I think it was his way of avoiding the vet (he hated the clinic), and maybe sparing me that particular pain. I’m not going to say that I wasn’t devastated. But rather than remembering the urgent phone call at work from Isabella, or the vision of him when I got home, or my step-father struggling to carry the terrible weight of him away, I like to imagine Diego simply being received by the fish and toads. Delivered from his pain by warm water, wrapped in a blanket of lilies.

Anyone who has cared for pets perhaps knows that there is one, a special one, who will always occupy the largest piece of real estate in your heart, though others may follow. That was Diego for me.

But now we’re lucky enough to share our lives with another dog, the rascally, neurotic, road trip-loving Velma. I’ll end this post with a short video of her that reminds me of exactly what I love about dogs: their absolute and abundant connection with life, free of judgement, agenda, or desire to be anything other than what they are. That’s what I think of every time I see Velma in her Writhe of Exquisite Happiness. Perfect contentment of being.

Advertisements

34 thoughts on “Dog Love In August

    • Thanks, old ham (feels strange writing that, but I’ll check out your blog and find the name behind the shank!) So many of us have had the honor of dog companionship… I’m happy you had Marvin.

    • Thanks Guess. Well, soon enough, you’ll have your own tiny latke to watch grow up. Tato thinks you’re neurotic, BTW. He thinks you’re a Chihuahua hoarder and wants to send you to a psych. Choose a Mormon with 8 dogs!

  1. Ahh Laura that was so sweet! Best thing I had with a dog was my ex-husband’s doberman. He went on our honeymoon with us and ate up all my bras and undies. I should of listened to the dog and run fast……….

    • Hilarous! Yes indeed, you should have flown away from that one (I doubt that normal legs would have carried you fast enough, but maybe if you were bionic…). I don’t think I will ever be able to un-see the image of a Doberman gobbling up your delicates!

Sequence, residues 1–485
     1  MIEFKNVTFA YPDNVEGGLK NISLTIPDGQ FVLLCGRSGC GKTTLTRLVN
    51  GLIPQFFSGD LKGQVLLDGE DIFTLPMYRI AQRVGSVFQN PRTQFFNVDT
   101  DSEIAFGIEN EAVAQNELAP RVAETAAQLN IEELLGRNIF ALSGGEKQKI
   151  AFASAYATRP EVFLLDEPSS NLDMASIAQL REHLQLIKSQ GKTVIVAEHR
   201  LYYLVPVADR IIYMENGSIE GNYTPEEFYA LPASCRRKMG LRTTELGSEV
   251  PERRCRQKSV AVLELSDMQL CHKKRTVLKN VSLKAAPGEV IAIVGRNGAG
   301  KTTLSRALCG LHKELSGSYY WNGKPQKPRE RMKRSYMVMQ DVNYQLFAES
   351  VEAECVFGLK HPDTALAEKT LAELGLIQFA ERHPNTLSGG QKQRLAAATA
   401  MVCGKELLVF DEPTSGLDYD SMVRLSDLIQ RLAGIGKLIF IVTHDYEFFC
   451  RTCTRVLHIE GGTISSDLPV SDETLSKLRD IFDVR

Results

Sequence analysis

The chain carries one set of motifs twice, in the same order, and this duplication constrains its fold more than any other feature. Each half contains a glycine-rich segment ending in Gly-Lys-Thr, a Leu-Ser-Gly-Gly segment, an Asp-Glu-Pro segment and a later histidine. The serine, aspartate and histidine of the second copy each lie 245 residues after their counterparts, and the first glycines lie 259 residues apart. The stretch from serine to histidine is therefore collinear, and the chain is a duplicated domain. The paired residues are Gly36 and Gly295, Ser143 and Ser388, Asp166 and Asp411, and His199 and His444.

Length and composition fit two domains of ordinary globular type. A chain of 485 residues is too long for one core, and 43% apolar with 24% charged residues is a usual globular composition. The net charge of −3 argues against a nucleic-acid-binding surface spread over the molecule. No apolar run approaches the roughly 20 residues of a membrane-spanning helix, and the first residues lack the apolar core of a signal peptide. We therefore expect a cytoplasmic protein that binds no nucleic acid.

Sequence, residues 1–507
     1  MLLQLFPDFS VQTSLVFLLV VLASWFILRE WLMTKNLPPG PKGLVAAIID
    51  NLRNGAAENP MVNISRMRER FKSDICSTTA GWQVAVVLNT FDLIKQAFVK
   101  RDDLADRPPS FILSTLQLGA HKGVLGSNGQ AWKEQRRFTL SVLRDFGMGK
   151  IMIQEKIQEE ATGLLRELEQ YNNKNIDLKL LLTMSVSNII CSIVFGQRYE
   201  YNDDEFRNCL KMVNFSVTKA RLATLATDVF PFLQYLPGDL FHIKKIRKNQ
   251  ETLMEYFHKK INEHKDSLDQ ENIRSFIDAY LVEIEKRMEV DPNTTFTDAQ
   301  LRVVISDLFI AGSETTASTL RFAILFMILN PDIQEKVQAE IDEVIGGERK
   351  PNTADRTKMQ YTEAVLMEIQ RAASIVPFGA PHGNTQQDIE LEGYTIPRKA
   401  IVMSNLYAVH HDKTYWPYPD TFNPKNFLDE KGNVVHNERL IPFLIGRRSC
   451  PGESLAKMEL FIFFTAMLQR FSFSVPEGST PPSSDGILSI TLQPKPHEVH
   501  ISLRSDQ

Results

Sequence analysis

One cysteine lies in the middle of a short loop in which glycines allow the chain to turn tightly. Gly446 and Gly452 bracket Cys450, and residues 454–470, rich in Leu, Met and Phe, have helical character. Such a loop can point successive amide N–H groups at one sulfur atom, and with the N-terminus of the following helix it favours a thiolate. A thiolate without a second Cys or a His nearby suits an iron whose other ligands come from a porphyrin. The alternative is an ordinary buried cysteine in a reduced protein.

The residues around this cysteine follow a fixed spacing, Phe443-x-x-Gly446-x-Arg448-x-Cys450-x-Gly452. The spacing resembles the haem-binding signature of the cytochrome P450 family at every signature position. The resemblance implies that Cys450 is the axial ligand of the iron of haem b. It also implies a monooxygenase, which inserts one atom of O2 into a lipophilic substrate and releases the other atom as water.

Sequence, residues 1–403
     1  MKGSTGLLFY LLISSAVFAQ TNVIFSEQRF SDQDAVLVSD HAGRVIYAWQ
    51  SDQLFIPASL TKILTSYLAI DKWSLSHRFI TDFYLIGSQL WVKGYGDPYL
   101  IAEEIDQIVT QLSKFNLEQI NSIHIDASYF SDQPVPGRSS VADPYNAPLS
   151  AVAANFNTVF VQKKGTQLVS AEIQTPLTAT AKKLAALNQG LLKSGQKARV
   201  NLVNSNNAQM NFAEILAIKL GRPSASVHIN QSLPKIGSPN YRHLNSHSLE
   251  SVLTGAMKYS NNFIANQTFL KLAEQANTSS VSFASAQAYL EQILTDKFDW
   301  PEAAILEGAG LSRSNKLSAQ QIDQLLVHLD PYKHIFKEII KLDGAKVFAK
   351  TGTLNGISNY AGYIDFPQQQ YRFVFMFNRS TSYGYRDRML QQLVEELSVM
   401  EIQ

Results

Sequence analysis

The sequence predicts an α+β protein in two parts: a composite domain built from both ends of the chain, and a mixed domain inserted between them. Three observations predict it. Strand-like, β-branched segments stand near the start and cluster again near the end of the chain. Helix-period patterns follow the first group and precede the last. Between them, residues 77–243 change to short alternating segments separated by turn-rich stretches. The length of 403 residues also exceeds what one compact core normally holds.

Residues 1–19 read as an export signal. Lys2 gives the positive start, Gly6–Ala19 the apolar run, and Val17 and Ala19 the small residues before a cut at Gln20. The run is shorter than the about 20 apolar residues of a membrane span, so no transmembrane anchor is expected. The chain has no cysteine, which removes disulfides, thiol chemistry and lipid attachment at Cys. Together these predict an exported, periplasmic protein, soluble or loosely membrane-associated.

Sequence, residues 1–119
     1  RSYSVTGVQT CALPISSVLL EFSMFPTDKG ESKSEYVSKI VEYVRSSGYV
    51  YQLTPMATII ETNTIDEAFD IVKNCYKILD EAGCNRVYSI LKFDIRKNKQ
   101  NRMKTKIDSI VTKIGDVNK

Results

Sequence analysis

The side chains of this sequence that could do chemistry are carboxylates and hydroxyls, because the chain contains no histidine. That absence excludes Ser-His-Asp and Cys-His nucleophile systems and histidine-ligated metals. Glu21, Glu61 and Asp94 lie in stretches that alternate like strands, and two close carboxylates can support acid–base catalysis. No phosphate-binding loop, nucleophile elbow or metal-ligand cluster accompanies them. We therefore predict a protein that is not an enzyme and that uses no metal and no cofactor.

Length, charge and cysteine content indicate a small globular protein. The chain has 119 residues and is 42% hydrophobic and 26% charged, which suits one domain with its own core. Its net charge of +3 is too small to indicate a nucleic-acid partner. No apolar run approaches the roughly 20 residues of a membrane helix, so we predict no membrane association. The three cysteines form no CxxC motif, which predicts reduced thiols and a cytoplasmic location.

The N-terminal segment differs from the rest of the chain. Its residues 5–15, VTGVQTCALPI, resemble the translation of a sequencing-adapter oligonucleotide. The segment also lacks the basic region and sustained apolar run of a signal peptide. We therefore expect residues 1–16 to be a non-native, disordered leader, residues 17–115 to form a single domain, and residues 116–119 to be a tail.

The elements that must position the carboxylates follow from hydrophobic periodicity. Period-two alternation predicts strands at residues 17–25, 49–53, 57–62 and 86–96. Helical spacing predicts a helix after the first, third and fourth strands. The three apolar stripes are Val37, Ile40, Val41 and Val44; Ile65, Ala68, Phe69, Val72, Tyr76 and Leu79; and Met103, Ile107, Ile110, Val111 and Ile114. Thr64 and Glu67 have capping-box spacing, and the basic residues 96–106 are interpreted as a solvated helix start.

2. I miss Diego, too, but his timing in your life couldn’t have been better. You needed a loyal little man. I am sure he has lots of stuffed squeaky frogs in heaven. Remember how he sat with you through your whole labor til we hauled you off to the hospital for more laboring?.

    • Thanks, Guap. And yes, I do have so many great memories! I think the very worst part of adopting a dog is know you will also watch it die. But what they bring into your life is so worth it. 🙂 Lots of smiles!

  3. Sorry to comment on your lovely dog post. I couldn’t see your email anywhere. My husband and I own the Dirty Dash Mud Run which is coming to Abq September 8. We’d love for you to do a giveaway and would give you a couple entries for yourself as well. Email me at courtney@thedirtydash.com and I’ll give you the codes and details.

    Thanks!
    Courtney Bankhead

  4. I would say this post is beautiful, but that word is SO overused in your comment section. =p

    I hope you’re right about it being worth it. my little Essa is inching me closer and closer to a four-legged family member.

    I loved reading this, Laura, and I truly feel both your laughter and your tears.
    =/

    • Hi Stacie, nice to see you. And thank you… yes, both laughter and tears, but that’s life, right? I would definitely encourage you to adopt a four-legger! They are wonderful and add so much life to a household. My one piece of advice — just know a little about the breed you choose (even a mutt, if possible!), especially exercise needs and general energy level. When we went to the shelter looking for Velma, we actually had a list of doggie features that we knew would fit in well with us. And got a great match!